Persistence. That long awaited day.
He learned how to read very early.
Pointing to words and asking what they were at 18 months old soon led
to asking what the letters were and how they worked. So he read his
first book the week he turned three. At four, his favorite game was
one he made up and called the “rhyming game.” He would write an
ending sound like at, or ack, on the white board and we would take
turns writing words that rhymed. He started simple with cat, rat,
fat, and back, rack, track, but then kept going until he was soon
using homophones and multi-syllabic words. I never pushed, but just
continued to play games with him.
So, imagine my surprise when he got older
and began really reading whole books, that he hated it. He hated it
and he told me so every day. He took every opportunity to tell anyone
he met how much he hated reading. I, as a teacher, had failed. When
it was time for reading, he complained. When it was time to read
science, he complained. When it was time to read history, he
I talked it over with friends and family
and the advice I received repeatedly was that some people just don't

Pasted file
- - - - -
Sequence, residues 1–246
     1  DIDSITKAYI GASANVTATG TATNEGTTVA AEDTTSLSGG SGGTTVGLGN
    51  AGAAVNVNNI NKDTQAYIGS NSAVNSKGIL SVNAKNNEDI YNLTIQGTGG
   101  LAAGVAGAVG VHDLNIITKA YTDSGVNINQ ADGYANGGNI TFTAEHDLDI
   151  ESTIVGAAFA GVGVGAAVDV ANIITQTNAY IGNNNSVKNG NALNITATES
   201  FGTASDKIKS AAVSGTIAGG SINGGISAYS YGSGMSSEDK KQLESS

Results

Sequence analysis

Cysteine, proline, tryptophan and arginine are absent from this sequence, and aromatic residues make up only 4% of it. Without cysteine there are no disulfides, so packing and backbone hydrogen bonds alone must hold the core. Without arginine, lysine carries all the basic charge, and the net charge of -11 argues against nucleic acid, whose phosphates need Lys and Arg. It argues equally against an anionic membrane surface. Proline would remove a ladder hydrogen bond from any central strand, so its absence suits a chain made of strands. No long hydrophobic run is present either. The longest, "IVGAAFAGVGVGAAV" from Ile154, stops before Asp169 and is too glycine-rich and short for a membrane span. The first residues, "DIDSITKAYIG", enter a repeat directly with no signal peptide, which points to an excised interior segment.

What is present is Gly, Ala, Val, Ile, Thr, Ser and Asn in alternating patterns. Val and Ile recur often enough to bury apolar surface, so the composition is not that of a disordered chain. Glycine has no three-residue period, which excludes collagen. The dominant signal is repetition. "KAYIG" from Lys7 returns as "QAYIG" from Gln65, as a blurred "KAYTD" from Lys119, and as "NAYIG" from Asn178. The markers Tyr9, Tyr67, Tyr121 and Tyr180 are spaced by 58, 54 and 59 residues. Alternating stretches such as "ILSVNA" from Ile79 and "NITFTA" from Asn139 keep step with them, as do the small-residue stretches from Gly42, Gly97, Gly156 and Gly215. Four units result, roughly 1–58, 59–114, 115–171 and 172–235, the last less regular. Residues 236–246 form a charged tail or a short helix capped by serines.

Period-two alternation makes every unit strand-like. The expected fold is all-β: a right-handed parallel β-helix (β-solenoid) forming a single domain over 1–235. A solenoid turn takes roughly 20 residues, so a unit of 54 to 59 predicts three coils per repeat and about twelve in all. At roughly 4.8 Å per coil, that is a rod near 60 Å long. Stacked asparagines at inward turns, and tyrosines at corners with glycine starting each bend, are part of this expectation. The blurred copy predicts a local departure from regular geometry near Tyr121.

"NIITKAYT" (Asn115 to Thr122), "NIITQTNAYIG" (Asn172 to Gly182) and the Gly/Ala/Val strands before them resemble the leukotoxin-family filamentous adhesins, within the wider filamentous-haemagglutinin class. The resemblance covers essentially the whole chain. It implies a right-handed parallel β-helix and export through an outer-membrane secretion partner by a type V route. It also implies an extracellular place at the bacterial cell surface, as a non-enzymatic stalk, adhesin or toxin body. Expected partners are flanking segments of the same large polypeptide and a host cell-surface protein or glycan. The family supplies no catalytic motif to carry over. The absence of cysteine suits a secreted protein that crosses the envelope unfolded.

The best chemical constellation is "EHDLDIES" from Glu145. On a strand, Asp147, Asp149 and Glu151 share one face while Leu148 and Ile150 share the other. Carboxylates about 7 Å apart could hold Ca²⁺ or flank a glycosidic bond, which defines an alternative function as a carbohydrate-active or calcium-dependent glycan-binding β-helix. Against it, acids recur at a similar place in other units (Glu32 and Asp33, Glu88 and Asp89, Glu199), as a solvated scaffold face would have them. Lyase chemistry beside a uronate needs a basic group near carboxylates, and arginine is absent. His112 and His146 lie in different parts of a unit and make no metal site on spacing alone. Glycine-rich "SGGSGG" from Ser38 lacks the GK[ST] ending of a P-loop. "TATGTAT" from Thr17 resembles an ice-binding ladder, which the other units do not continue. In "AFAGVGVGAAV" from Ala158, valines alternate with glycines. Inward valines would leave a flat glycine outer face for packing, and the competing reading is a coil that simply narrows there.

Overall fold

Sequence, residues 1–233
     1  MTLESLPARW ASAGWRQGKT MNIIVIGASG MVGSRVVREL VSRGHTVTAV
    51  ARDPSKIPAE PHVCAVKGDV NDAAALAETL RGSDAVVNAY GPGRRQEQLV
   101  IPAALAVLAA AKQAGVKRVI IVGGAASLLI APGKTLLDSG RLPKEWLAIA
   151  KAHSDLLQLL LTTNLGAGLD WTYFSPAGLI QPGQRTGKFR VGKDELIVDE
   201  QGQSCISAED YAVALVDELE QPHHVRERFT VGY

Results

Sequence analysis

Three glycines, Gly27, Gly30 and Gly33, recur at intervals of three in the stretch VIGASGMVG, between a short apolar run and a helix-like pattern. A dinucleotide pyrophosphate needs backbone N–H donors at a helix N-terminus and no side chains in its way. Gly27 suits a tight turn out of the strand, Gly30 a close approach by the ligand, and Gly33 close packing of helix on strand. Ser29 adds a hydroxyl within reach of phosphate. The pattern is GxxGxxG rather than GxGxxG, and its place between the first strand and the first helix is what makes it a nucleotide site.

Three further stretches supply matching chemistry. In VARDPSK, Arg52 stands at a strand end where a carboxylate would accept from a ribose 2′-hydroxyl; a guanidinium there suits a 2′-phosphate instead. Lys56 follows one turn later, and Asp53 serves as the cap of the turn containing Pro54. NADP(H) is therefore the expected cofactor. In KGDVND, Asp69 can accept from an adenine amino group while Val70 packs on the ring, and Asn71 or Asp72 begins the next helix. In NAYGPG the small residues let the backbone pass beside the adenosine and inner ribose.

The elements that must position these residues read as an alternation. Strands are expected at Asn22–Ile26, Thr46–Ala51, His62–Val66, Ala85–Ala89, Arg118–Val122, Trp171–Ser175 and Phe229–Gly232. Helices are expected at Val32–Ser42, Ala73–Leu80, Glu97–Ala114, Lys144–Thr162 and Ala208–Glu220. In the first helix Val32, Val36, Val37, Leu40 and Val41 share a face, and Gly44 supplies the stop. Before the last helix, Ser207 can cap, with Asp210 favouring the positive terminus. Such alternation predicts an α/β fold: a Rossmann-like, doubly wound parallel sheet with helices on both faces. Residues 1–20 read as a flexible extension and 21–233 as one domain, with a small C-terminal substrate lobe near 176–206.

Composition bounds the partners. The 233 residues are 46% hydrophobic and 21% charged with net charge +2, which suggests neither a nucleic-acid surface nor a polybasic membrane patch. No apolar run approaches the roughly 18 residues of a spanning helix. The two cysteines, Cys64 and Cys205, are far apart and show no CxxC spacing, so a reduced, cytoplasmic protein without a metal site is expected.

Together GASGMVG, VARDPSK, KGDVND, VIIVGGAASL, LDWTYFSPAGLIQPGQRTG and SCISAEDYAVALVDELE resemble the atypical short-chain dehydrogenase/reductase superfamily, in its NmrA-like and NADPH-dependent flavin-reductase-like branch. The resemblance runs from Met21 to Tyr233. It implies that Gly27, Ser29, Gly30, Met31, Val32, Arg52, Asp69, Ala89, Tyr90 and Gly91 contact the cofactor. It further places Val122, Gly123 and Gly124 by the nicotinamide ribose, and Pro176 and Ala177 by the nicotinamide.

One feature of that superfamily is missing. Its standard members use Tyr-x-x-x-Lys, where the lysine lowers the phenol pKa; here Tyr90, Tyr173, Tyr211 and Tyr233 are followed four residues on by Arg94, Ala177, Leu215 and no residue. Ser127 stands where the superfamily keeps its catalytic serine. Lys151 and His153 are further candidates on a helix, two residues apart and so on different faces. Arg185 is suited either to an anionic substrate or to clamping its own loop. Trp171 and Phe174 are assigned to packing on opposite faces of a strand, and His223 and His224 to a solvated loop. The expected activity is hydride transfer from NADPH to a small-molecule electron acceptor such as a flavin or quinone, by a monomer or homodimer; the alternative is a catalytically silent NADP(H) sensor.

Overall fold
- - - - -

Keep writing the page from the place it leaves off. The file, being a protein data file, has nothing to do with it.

like to read and that's just the way it is. I refused to accept that.
I plugged away and kept insisting on that 30 minutes a day for
reading. I honestly believe that anyone who can read well, will enjoy
reading when they find that certain something that sparks an interest
in them. Our friendly bookmobile lady took up the case with me to
find that spark for him. Any interest I heard him mention, I would
ask her to bring books on that subject. We've tried basketball,
football, martial arts, war books, books on how things work, solar
system, joke books and anatomy. He enjoys all of those topics, but
still didn't want to read about them.
Lately she's been bringing him dog books.
He would read a chapter and put it down. He did enjoy one that was
full of charts and facts about various dog breeds. So he read the
Then she brought The Good Dog by
Avi, a book written from the dog's point of view. The dog doesn't
know what to call things, so he names them for what they do. A glow
box for television, a staring paper for newspaper, a freeze box for
refrigerator, and human pup for a boy. During reading time, he read a
chapter. The next day, he read another. All week he read the entire
30 minutes without complaint. And today, yes, today was the day my
persistence paid off and he said, “Can we do reading first? I like
this book.” Oh, what music to my ears! The words I have longed for!
And then for icing on the cake, when the timer went off, he asked if
he could keep reading. Yes, my boy, yes! Today will be a reading
holiday! Read as long as you like.